A Senate that can say No
The challenge is to elect a Senate that can stand up to President Duterte. I do not mean that the majority must be necessarily hostile or confrontational; only that there must be a solid minority that can stop the mad descent into authoritarianism. Those of us who believe in the democratic project need at least six senators who will refuse to amend or revise the Constitution while Mr. Duterte remains president; we need at least eight senators who will refuse to impeach the administration’s largest stumbling block, Vice President Leni Robredo.
Of the six members of the current Senate opposition, one is no longer eligible for reelection: Sonny Trillanes. One is seeking reelection: Bam Aquino. And one remains unjustly detained, a victim of the President’s shameless vindictiveness: Leila de Lima can file bills, but cannot hold hearings or vote on the floor. Unless a court is courageous enough to order her release on bail, only three senators will carry the flag of the opposition by the end of the 17th Congress: Kiko Pangilinan, Risa Hontiveros, Frank Drilon.
Where will the other No votes come from in the Senate of the 18th Congress?
It is still early days; in fact, although you wouldn’t know it from Bong Go’s flagrant electioneering, the campaign period has not even started. But based on the latest surveys, Mar Roxas is the only one of the eight mainstream opposition candidates who will make it to the Senate. That brings the number to four, still dangerously short.
Bam Aquino did very well in his first run, in 2013. (I had advised against it, because he would be running while an Aquino was president; it seemed to me then an un-Aquino thing to do. Noynoy Aquino himself ran for the Senate only in 2007, a decade and a half after his mother served as president.) But unless you follow Mocha Uson, there is no arguing about the younger Aquino’s accomplishments in the Senate. By all measures, he should be leading the surveys; that he comes in at the outer limit of the winners’ circle is cause for concern, but not panic or desperation. If he wins reelection, the number of senators certain to stand up against President Duterte will rise to five.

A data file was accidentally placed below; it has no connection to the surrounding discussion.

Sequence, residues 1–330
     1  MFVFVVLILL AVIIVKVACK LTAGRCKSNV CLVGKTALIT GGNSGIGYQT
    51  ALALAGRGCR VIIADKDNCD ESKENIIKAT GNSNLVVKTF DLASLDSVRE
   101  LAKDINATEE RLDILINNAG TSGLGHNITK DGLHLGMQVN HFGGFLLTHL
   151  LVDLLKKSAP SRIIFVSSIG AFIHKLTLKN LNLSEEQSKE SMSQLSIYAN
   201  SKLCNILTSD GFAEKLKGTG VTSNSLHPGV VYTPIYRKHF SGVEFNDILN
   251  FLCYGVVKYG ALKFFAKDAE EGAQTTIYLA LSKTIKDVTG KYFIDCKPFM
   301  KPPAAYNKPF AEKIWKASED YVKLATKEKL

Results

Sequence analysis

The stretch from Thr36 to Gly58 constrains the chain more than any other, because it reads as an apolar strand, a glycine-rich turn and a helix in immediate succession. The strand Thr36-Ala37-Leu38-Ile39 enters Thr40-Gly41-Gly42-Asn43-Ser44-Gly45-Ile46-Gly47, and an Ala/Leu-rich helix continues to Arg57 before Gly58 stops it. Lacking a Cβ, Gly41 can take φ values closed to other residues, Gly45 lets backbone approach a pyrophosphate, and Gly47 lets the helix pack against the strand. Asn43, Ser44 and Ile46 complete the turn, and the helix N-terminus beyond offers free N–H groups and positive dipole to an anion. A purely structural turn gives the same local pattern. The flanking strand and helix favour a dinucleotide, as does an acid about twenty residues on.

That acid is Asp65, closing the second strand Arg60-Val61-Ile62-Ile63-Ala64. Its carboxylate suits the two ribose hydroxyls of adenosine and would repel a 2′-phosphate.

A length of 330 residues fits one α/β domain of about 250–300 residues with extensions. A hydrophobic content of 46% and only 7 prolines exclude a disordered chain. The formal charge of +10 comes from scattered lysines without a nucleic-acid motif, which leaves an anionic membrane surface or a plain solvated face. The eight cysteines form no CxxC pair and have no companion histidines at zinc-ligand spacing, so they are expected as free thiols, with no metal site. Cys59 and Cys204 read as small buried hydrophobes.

An abyss separates the survey fortunes of Roxas and Aquino from the rest of the mainstream opposition slate. But it bears repeating: It is early days. It would be foolish to look at the current low ratings of the six other candidates — Florin Hilbay, Chel Diokno, Erin Tañada, Romy Macalintal, Samira Gutoc, Gary Alejano — and act as though these were definitive. History teaches us that unknown candidates or insurgent campaigns can win national office: Jojo Binay in 2010, Trillanes in 2007, going all the way back to eminent but obscure politicians like Nina Rasul in 1987.
But history has a sharp edge; unless a candidate is part of a genuine political movement, like the many who ran as “Cory’s Candidates” in 1987 and 1988 (Cory Aquino had the largest and longest political coattails in our history, bar none), these breakthroughs are usually individual, isolated instances.
Still too early to tell which candidates will break through. The need at the moment and for the next couple of months is to raise public awareness of these opposition candidates. Conversion (translating awareness into intention to vote) follows after, not before. For the sake of argument, let us assume that one other opposition candidate (I will include in this mix the candidacy of Bayan Muna’s Neri Colmenares, who has a 57-percent awareness rating) will make the breakthrough and win a Senate seat. That will bring the number to six.
Who among the other candidates running for the Senate can be expected to stand in the way of the railroading of a new constitution, or the impeachment of the duly elected successor to the President? In the last 30 or so days of the campaign period (and, I would think, only then), opposition supporters must ask themselves this question. Between Nancy Binay and Sonny Angara (both reelectionists), who can be counted on to stand against the most obvious attacks on democracy? Between Serge Osmeña and Grace Poe, who will defend President Duterte no matter what? These and similar difficult choices may be necessary to elect a Senate that can in fact say No.
On Twitter: @jnery_newsstand. E-mail: [email protected]
Subscribe to INQUIRER PLUS to get access to The Philippine Daily Inquirer & other 70+ titles, share up to 5 gadgets, listen to the news, download as early as 4am & share articles on social media. Call 896 6000.